Rumor: Foxconn’s Zhengzhou plant stops iPhone 5c production

iPhone 5c (Manufacturing 001)

The world’s top contract manufacturer, Taiwan-based Foxconn, is responsible for approximately one-third of total iPhone 5c volume and now the company is allegedly winding down handset production at its factory in Zhengzhou, northern China, and shifting capacity to the flagship iPhone 5s, according to “industry sources” who spoke to DigiTimes, an industry publication with a mixed track record.

The story somewhat corroborates last week’s article by a Chinese blog which said another iPhone 5c manufacturer, Pegatron, slashed iPhone 5c production significantly because the flagship iPhone 5s was selling better to early adopters than the iPhone 5c, which is basically the last year’s iPhone 5 repackaged in colorful cases…

DigiTimes added:

Foxconn and Pegatron Technology have obtained OEM orders for 30 percent and 70 percent, respectively, of iPhone 5c production, the sources said.

One month ago, Apple lowered iPhone 5c orders to Pegatron by 20 percent and those to Foxconn by nearly one-third for the fourth quarter due to unsatisfactory sales, the sources indicated.

Foxconn’s huge Zhengzhou production and assembly facility employes a whopping 120,000 workers.

C Technology (via UnwiredView), a Chinese blog, last week claimed Pegatron cut iPhone 5c production from 320,000 units per day in October down to just 80,000 units per day. The blog also mentioned that Foxconn had been operating at a minimum capacity of 8-9,000 units per day.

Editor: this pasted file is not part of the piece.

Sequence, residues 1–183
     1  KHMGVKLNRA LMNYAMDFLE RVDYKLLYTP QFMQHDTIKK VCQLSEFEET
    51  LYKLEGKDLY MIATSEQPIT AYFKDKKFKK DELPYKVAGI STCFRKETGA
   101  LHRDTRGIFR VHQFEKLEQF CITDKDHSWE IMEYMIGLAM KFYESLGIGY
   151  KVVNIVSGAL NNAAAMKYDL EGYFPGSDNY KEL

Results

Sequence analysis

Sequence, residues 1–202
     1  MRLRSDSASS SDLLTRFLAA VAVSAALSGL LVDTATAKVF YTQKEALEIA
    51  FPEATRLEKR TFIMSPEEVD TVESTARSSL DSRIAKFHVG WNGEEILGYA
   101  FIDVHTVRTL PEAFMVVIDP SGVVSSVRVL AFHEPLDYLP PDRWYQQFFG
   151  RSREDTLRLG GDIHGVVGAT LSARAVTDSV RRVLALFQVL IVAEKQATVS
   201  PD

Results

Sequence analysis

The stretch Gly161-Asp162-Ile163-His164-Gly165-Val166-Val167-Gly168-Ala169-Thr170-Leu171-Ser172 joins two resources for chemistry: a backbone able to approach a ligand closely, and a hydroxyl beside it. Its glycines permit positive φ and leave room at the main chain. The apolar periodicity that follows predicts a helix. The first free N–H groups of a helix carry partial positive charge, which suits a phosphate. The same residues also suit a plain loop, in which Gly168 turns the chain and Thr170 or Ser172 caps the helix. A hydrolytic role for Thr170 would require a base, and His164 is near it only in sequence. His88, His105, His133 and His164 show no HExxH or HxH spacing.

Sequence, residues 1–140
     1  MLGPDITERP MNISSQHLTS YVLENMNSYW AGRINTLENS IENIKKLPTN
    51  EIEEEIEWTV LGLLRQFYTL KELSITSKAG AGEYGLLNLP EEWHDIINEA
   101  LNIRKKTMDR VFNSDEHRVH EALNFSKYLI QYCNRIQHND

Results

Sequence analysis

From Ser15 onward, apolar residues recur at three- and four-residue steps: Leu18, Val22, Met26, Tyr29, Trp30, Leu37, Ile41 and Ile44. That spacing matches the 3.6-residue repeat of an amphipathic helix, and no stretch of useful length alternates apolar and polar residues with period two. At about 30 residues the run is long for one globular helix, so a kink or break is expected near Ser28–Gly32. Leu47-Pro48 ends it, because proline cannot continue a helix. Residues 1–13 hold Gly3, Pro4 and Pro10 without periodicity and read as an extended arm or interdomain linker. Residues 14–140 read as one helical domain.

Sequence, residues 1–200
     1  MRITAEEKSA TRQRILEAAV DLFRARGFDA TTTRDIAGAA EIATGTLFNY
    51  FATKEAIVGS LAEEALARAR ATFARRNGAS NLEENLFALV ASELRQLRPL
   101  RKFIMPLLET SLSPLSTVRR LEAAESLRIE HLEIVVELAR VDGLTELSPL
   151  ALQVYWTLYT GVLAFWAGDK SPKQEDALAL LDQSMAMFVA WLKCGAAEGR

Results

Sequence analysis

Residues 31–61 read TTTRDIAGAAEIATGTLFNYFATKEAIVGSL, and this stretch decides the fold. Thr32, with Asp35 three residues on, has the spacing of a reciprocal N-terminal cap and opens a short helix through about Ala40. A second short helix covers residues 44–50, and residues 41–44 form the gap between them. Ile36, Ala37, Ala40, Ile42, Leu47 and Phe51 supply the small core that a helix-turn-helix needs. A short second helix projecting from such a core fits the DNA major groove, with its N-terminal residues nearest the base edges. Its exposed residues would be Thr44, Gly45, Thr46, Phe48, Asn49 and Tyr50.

A month ago, the Wall Street Journal first reported that Apple would cut iPhone 5c orders. The financial newspaper put its usual Apple-is-doomed spin on the development arguing that the supply cut was due to the “weaker-than-expected demand and Apple’s pricing strategy for the device”.

In reality, this is but one of the many possible explanations.

As Apple’s been churning out the iPhone 5 for a year, its commissioned manufacturers are now capable of building large quantities of the mid-range iPhone 5c in a short period of time. And it’s expected Apple would want to make room for new devices such as the iPhone 5s, whose availability has been affected by limited production of the sophisticated and sensitive Touch ID fingerprint sensor.

Apple adjusting iPhone 5c output levels isn’t a surprise: the device began as a slow burner. Therefore, sales are expected to pick up at a later stage, once iPhone 5s demand cools off.

Do you own (or know somebody that owns) an iPhone 5c?